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Murder charged in student’s car death

Driver’s behavior likened to gunman’s

Washington

– Allen County prosecutors filed a murder charge Friday against Jeremy Washington, accused of driving drunk and killing a local high school student in late March.

Washington, 35, of the 3500 block of Scarborough Drive in New Haven, also faces three additional charges of criminal recklessness, along with the new count of murder.

He is already charged with three counts of attempted murder, one count each of aggravated battery and reckless homicide, and two counts of causing death while operating a vehicle while intoxicated.

Washington is accused of barreling into the intersection of Stellhorn and Hobson roads, plowing into a car driven by 17-year-old Haley M. Nellum, a sophomore and varsity basketball player at Bishop Dwenger High School. She had only recently received her driver’s license and was driving home that night after visiting a friend. Her mother happened upon the crash scene shortly afterward, but was unable to see that her daughter’s was one of the vehicles involved.

Nellum’s death was not ruled a homicide by the Allen County coroner’s office. It’s unusual for murder charges to be filed in cases where there is no homicide ruling.

The new charge against Washington is not the first time Allen County Prosecutor Karen Richards has charged an allegedly impaired driver with murder. In May 2012, Allen County prosecutors charged then-50-year-old Corina Hurtado with two counts of murder and other charges in a fatal drug-fueled traffic crash that killed an elderly couple at Taylor Street and Fairfield Avenue. The murder charges against Hurtado were dismissed as part of a plea agreement with prosecutors. She was subsequently sentenced to 40 years in prison on charges of operating a vehicle with a controlled substance in her system causing death.

According to court documents filed Friday, the fatal crash, caused by Washington, reaches the level of a murder.

Washington’s 2013 Infiniti was traveling at 103 mph when it slammed into the driver’s-side door of Nellum’s car with such force it pushed the door past the center console and caused the vehicle to flip over multiple times, court records said.

“It is generally accepted that a gun that fires a bullet … is a deadly weapon,” Allen County Deputy Prosecutor Adam Mildred wrote in his motion to amend the charges. “The Infiniti operated by the defendant was retrievable, redirectible and directly controlled by (Washington).”

Comparing the speed of the bullet to the speed of the car, Mildred argued there was exponentially more momentum in the crash than there is in the impact of a bullet.

The additional criminal recklessness charges refer to the people in other vehicles at the intersection at the time of the collision.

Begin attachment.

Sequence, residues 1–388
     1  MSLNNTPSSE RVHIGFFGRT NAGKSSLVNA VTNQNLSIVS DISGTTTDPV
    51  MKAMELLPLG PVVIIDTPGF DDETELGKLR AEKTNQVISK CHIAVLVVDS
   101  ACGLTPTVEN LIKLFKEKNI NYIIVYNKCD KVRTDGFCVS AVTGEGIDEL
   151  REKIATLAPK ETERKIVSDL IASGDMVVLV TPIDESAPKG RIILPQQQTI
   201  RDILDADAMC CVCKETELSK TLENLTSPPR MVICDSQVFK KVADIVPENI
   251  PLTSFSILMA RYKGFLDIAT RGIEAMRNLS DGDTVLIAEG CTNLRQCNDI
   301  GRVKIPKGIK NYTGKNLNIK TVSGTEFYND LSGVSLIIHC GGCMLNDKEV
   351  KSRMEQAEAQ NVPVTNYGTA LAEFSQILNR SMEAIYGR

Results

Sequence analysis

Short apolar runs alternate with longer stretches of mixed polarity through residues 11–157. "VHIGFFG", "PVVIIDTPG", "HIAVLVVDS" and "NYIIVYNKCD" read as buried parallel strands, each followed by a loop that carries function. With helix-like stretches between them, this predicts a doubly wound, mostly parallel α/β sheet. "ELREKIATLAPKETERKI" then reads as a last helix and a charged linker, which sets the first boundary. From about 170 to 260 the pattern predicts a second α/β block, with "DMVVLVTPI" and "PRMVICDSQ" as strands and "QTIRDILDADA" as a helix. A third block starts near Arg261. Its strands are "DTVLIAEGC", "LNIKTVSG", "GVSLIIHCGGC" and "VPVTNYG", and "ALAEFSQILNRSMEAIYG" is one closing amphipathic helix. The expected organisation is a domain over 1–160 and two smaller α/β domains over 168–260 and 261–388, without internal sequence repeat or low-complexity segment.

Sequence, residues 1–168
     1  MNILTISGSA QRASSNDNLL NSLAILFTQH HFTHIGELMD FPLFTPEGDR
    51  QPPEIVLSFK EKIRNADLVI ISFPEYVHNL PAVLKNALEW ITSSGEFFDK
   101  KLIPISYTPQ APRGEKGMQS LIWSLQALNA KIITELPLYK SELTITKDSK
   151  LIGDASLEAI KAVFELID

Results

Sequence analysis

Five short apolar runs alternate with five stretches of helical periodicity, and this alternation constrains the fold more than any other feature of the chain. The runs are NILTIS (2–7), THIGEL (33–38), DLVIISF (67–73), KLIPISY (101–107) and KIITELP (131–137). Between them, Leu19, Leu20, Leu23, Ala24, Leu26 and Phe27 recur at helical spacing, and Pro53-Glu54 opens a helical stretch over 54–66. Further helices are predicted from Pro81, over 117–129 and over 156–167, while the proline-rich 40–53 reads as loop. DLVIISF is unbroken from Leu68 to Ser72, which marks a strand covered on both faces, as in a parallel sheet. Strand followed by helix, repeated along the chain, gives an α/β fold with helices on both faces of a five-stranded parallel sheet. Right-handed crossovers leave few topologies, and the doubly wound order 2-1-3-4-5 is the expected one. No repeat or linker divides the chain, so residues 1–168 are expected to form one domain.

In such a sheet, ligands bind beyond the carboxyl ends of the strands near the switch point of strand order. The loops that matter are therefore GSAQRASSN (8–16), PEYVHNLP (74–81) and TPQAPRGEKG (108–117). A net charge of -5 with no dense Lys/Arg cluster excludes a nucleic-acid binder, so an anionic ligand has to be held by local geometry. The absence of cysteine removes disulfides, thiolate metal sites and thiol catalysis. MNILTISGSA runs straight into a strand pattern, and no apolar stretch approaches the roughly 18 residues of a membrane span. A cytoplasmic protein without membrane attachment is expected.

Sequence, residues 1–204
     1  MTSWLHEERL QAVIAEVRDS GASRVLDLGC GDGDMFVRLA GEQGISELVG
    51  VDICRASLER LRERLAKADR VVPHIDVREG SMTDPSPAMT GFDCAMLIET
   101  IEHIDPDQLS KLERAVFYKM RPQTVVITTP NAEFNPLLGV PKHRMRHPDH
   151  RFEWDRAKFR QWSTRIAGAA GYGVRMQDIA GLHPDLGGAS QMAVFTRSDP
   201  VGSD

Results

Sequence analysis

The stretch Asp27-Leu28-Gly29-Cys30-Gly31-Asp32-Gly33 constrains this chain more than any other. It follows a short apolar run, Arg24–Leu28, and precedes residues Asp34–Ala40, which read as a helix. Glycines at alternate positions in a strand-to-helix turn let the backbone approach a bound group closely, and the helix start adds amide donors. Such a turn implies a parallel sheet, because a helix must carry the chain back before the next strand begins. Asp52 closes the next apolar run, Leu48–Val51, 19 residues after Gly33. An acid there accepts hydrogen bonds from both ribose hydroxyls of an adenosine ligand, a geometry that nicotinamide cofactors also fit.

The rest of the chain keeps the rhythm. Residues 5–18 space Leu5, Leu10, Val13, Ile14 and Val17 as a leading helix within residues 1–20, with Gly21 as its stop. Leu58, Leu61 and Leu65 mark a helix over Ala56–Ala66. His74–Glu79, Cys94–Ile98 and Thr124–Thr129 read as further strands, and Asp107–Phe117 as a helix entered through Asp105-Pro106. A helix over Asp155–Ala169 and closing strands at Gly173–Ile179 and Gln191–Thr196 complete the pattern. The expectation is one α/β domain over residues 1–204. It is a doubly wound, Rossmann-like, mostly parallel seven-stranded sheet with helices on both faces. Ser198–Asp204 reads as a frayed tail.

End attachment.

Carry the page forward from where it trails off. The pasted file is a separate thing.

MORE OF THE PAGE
Before the fatal crash, there was an argument at the Corner Pocket Pub that escalated far beyond the parking lot, enveloping the family of a high school student who happened to be driving home.

Washington and Chad Jackson of Wolcottville got into an argument at the Corner Pocket Pub, a pool hall at 3215 St. Joe Center Road.

Jackson was there with two other men, and Washington was with Clayton DeLong. According to court documents, Washington and Jackson began to argue, eventually being asked to leave by security. When Jackson and his friends went to leave the parking lot, they found Washington blocking the way out, according to court files.

More words were exchanged, and Washington pulled a gun and began firing into an SUV in which Jackson was riding. Glass shattered, and Jackson told the other men in the car he’d been shot. As they drove him to a hospital with a bullet wound to his neck, Washington sped off at high speed, according to court documents.

Washington got as far as the intersection at Stellhorn and Hobson roads where he crashed, killing Nellum and seriously injuring his passenger.

In a subsequent interview with police, Washington said he was fleeing for his life, and minimized his speed, claiming he braked.

Data from the on-board computer in the car showed speeds reaching 110 mph in the moments before the crash and braking only at impact.

And the investigation into the events leading up to the crash showed no evidence to bolster Washington’s claims that someone fired a gun at him. Videotape evidence from the Corner Pocket Pub showed no evidence of any gunfire from the victims’ vehicle, court files said.

DeLong told investigators he saw Washington’s gun only during the altercation at the bar, records said.

Allen Superior Court Judge John Surbeck granted Mildred’s motion to add the additional charges against Washington.

According to court documents, Washington had expired license plates and no insurance on the vehicle at the time of the crash, and had failed to appear on a number of traffic violations in the decade leading up to the March crash.

Washington is to appear in court Monday for a hearing.

rgreen@jg.net

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